I tried to create a Unity3D prototype out of that idea with the moon. Of course, prototypes become the real game eventually when doing a game jam, but first I wanted to see if I could actually create something like that. The main problem to begin with was the scale of the object currently grabbed, as it always has to be the same size for the player, no matter how far or near it would be away. I read something about the focal length of a camera before and I thought I had to factor this in in any case. I experimented (using some basecode I already announced in my "I'm in!" post) and searched on the internet, but it just wouldn't work right. The object's subjective size didn't stay constant, and being very frustrated, I stopped after a while.

Thus, I re-evaluated the idea of the four bandits. This one would follow the theme and I'd really like being able to control a group of (evil) adventurers - in first person perspective! In order to make it easier for myself, I started programming the movement (again in Unity3D), which would be along the cardinal directions only and also on a grid. Just like those age old games you might know, "Dungeon Master", "Eye of the Beholder" or "Legend of Grimrock". In the end, the movement worked somehow, and you could add NPCs to your party, and press a button to see all four viewports at once. Probably I could have made a more or less full game out of it, but at this point I didn't see how I could add "fun" easily and I stopped yet again.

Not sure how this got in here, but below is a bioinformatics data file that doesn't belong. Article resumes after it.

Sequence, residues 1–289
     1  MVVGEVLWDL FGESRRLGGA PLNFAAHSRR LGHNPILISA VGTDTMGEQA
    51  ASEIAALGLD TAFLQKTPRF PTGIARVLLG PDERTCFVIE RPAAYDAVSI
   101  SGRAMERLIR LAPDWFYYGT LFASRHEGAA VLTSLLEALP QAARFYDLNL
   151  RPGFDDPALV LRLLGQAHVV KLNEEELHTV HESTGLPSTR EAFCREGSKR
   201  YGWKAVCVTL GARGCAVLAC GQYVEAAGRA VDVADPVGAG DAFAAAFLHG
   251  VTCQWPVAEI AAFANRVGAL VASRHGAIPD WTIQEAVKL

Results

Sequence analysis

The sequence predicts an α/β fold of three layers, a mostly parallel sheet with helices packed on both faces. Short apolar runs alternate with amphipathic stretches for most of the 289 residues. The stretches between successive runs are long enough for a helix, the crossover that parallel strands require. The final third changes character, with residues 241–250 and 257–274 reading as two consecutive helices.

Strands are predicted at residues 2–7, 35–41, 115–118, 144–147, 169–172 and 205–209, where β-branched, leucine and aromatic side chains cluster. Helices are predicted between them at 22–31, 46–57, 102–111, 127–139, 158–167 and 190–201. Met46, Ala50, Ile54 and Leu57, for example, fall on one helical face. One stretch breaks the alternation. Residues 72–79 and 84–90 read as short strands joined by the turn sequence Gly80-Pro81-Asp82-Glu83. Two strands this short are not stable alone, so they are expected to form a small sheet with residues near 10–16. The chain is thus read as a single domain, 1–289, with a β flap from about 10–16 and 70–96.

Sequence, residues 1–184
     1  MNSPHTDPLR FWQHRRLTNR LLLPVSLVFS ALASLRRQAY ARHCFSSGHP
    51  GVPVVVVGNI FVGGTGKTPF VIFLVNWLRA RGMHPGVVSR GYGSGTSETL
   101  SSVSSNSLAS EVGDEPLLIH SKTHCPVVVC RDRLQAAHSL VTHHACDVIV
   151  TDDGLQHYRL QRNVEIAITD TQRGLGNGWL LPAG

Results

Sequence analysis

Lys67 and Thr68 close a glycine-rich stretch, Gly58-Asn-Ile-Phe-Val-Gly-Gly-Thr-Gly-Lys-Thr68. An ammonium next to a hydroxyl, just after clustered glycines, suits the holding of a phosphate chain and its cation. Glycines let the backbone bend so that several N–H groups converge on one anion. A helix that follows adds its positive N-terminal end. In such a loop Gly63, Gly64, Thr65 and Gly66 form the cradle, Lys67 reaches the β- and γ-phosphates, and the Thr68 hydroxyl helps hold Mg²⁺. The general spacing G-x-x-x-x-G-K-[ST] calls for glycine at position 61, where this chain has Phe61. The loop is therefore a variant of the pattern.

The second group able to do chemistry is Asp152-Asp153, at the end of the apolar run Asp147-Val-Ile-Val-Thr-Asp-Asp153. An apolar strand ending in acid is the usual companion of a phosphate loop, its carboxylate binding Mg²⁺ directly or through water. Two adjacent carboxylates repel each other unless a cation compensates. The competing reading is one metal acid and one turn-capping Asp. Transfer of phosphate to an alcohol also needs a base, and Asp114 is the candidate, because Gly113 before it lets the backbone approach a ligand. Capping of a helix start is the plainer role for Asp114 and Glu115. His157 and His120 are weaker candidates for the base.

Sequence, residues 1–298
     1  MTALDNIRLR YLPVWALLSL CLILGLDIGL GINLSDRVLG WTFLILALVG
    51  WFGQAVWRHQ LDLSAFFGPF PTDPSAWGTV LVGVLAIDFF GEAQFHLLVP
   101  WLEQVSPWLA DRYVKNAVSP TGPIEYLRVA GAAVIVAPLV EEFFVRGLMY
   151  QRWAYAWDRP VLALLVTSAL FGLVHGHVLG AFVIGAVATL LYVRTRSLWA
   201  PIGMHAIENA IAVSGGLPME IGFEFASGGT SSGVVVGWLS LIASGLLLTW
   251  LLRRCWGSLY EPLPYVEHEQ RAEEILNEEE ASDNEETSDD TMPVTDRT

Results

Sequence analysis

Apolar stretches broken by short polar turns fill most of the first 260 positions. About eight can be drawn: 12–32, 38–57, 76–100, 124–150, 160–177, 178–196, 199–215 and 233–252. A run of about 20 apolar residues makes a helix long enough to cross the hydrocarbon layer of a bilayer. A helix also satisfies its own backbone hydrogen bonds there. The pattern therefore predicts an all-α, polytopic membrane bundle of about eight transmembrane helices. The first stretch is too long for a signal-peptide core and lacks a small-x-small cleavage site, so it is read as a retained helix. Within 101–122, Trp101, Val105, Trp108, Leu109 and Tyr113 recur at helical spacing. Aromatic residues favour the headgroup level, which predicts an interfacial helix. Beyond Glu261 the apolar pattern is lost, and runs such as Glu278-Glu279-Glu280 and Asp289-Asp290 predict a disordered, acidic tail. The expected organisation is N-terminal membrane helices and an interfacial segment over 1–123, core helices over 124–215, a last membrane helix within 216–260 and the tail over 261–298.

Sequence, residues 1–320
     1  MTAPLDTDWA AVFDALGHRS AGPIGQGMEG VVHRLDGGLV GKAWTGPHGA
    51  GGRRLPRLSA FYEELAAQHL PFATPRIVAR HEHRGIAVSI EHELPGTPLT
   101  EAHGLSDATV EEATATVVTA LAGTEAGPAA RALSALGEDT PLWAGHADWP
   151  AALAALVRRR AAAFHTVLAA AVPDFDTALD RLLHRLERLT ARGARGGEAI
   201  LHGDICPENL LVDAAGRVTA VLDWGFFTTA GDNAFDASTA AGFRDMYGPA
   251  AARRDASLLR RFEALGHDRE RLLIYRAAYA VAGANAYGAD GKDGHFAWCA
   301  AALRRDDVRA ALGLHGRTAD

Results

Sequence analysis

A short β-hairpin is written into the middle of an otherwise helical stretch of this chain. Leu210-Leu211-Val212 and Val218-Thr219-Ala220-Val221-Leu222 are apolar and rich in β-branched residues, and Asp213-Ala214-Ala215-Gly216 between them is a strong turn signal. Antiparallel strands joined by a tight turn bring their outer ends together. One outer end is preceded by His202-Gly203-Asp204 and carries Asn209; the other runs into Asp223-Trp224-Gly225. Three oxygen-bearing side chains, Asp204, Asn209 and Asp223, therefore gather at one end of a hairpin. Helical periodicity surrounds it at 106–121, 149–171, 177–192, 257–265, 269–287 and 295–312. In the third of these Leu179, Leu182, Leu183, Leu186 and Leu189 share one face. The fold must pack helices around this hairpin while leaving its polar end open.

prototype 2second prototype, no fun

With the thought of fun being the most important part of it and without really expecting any results for this Ludum Dare anymore, I got back to the first prototype, and suddenly, the old problem was gone. Thinking about the focal length was a dead-end, and just getting rid of it was the way to get it work. The only problem now was the collision detection of an object that would get bigger the further it goes. Using Unity3D's SphereCast() was the wrong direction, because the size of the collision sphere would be always the same. So now CheckSphere() gets called with a gradually increasing size of the radius parameter, and it does that a lot of times every frame - because of the simple nature of the rest of the game, this was possible without any noticable performance hits (at least on my computer). Of course, this means that every object basically has an additional bounding sphere, and that's why most objects sometimes don't behave as expected, especially those which don't have uniform dimensions.

prototype 1first prototype, working